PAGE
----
Director: Andrew Stanton
Cast: Taylor Kitsch, Lynn Collins, Willem Dafoe, Mark Strong, Samantha Morton, Dominic West, Polly Walker, Bryan Cranston, Thomas Haden Church, James Purefoy, Daryl Sabara, Ciaran Hinds
RunTime: 1 hr 53 mins
Released By: Walt Disney Motion Pictures
Rating: PG13 (Battle Sequences)
Official Website: http://disney.go.com/johncarter/?cmp=wdsmp_jcm_url_johncarterarrives
Opening Day: 8 March 2012
Synopsis: "From Academy Award-winning filmmaker Andrew Stanton comes "John Carter"-a sweeping action-adventure set on the mysterious and exotic planet of Barsoom (Mars). "John Carter" is based on a classic novel by Edgar Rice Burroughs, whose highly imaginative adventures served as inspiration for many filmmakers, both past and present. The film tells the story of war-weary, former military captain John Carter (Taylor Kitsch), who is inexplicably transported to Mars where he becomes reluctantly embroiled in a conflict of epic proportions amongst the inhabitants of the planet, including Tars Tarkas (Willem Dafoe) and the captivating Princess Dejah Thoris (Lynn Collins). In a world on the brink of collapse, Carter rediscovers his humanity when he realizes that the survival of Barsoom and its people rests in his hands.
Why the venerable Disney would spend over US$250mil of their good money on a science-fiction action adventure set mostly on the Red Planet and around a protagonist with a name as nondescript as ‘John Carter’ was baffling right from the start, and remains an enigma by the end of this good-not-great movie. Indeed, a lot rides on a movie with such a hefty price tag, but given the successful transition that fellow Pixar alum Brad Bird made into live-action features with last fall’s ‘Mission Impossible: Ghost Protocol”, you might think that Andrew Stanton- the man behind ‘Wall E’ and ‘Finding Nemo’- could also make a similarly triumphant leap.
Alas, this big-budget adaptation of the first book- ‘Princess of Mars’- of Edgar Rice Burroughs’ 11-volume ‘Barsoom’ series will likely fulfil only the most modest of expectations- and if it’s ‘Avatar’ that you think it may be, then you’re likely to be sorely disappointed. Like any origin story for a franchise, ‘John Carter’ carries both the promise of an exciting new vision (think ‘Batman Begins’ or ‘Captain America’) and the burden of setting things up for future instalments. Not Stanton nor his two other screenwriters, Mark Andrews and novelist Michael Chabon, however manage to unshackle the movie from the latter bugbear, so much so that their film never quite lives up to its potential.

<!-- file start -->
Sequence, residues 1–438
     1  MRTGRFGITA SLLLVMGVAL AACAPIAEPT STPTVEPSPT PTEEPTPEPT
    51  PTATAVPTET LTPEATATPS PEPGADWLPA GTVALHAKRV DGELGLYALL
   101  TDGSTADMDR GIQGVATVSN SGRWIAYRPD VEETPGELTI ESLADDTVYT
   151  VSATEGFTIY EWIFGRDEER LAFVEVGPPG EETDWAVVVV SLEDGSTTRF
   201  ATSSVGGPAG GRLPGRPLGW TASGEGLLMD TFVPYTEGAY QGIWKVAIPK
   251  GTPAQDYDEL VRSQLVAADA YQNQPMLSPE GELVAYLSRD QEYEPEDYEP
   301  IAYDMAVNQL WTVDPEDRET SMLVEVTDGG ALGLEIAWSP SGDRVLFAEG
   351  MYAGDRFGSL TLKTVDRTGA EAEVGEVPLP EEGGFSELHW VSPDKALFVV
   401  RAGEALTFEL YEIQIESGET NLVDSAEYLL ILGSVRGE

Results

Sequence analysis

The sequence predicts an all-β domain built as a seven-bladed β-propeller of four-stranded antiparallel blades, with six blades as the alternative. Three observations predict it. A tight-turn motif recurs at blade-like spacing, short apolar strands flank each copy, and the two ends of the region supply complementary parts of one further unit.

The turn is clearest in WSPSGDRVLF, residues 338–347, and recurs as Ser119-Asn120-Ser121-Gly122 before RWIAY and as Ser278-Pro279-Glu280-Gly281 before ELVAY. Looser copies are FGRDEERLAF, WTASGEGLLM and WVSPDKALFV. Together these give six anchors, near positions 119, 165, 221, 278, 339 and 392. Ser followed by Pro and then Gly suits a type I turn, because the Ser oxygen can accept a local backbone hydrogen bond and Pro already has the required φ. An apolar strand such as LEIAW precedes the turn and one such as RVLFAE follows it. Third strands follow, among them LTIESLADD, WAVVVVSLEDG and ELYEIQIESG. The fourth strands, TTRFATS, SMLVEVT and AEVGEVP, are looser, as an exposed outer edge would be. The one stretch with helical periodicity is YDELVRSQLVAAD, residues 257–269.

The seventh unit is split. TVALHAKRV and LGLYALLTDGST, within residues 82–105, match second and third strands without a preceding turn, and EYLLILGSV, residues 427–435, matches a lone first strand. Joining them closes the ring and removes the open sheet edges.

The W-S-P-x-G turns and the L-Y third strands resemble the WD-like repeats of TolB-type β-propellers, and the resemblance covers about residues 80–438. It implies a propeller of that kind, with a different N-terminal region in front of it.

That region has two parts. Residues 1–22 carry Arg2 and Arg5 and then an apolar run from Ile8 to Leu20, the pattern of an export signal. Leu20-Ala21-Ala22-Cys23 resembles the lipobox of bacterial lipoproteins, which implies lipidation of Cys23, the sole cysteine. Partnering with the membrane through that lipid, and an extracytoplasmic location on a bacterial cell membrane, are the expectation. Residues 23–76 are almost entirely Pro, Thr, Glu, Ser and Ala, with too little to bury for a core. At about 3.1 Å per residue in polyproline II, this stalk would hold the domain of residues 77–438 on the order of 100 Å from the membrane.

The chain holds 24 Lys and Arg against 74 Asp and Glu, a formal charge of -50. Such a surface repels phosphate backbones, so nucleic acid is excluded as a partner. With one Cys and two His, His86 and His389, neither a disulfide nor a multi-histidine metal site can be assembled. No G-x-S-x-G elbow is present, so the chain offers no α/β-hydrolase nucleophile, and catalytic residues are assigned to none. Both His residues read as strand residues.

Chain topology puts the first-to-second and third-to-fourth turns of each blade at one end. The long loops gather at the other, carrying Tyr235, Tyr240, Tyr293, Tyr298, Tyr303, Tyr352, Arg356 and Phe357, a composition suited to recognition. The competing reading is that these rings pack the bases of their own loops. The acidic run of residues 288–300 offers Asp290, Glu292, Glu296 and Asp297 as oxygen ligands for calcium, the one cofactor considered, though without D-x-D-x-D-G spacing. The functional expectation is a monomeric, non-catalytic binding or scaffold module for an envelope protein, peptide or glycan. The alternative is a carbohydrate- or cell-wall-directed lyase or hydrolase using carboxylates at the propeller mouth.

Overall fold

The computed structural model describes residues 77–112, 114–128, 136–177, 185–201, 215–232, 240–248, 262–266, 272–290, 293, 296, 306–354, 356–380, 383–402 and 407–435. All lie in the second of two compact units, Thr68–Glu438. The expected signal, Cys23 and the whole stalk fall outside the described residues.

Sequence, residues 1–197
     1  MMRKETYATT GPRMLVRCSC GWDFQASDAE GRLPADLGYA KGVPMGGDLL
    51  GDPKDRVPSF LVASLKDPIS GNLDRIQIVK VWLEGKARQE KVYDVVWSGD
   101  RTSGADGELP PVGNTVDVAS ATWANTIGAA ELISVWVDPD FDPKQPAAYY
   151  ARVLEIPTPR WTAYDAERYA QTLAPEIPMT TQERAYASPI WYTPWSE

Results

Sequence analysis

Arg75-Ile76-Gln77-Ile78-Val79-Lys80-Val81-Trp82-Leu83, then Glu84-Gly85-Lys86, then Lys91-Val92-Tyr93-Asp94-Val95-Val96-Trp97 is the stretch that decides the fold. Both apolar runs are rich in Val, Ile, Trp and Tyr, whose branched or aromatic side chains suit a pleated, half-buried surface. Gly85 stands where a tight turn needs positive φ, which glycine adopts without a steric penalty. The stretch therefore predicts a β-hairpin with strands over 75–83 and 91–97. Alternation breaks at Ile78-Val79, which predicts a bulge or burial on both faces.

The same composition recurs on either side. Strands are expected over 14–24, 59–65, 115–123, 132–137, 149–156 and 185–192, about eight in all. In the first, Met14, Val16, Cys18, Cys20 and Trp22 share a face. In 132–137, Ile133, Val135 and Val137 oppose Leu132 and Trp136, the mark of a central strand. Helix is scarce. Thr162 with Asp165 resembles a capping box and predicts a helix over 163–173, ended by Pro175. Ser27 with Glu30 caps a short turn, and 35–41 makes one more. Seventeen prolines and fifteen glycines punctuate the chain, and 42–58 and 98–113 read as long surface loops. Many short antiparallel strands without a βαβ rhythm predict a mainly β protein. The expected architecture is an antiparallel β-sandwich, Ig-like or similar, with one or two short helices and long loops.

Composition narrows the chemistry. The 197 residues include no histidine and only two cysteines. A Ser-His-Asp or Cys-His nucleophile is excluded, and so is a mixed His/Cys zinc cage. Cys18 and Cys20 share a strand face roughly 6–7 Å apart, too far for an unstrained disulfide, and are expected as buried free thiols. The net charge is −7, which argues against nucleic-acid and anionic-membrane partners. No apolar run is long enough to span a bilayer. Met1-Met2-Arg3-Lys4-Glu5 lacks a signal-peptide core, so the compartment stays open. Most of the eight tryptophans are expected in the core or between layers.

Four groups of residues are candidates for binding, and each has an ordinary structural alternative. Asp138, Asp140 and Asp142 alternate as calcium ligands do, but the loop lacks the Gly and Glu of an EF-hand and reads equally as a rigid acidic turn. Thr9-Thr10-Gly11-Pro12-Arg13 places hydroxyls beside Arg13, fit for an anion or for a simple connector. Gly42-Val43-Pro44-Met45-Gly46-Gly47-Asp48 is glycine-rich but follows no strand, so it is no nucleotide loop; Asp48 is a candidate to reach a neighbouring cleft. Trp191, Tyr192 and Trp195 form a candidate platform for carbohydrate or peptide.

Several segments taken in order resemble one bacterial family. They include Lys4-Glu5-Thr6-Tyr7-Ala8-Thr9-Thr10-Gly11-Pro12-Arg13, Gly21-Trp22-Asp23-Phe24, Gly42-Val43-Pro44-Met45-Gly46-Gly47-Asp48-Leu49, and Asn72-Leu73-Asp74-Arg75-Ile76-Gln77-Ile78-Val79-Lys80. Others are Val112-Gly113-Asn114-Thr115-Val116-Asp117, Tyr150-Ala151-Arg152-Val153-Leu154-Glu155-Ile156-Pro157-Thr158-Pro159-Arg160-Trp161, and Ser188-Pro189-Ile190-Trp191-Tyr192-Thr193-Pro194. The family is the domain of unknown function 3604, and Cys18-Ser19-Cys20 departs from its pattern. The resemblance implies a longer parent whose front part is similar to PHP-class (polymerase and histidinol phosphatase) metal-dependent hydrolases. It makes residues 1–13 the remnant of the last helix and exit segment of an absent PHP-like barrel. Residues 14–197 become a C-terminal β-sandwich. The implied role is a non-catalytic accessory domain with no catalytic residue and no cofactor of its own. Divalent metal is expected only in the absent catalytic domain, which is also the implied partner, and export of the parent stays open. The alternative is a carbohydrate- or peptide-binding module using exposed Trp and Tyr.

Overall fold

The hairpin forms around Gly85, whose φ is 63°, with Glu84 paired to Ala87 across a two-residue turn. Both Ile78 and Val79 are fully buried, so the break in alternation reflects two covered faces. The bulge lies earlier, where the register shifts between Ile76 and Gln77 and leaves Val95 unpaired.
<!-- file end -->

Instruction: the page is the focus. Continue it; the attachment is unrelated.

And yes, there is certainly promise in the story of a Confederate veteran of the American civil war who goes searching for gold in the Arizona desert and ends up marooned on Mars right in the middle of an impending war. John Carter is this man, whose mode of interplanetary transport is a silver medallion he finds in the hands of a Holy Thern he accidentally kills in a cave on Earth. Once on Mars, John meets a nomadic tribe of Green Martians known as the Tharks led by the unusually empathetic Tars Tarkas (Willem Dafoe). The difference in the gravitational pull between Earth and Mars results in his ability to leap great distances, and Tars spares his life in the hope of learning his secret.
Meanwhile, the two Red Martian cities of Helium and Zodanga are at the brink of a war that could change the fate of Mars forever. The latter’s leader, Sab Than (Dominic West), has a secret weapon bestowed by the Holy Therns, and to save the lives of his citizens, Helium’s leader Tardos Mors (Ciaran Hinds) promises Sab Than his daughter’s hand in marriage. Dejah’s (Lynn Collins) pleas against her arranged marriage however fall on deaf ears, and her escape from Sab Than and his army ends fortuitously with a chance meeting with John. So as formula would dictate, John and Dejah will fall in love while saving the inhabitants of Helium and consequently the entire Barsoom planet.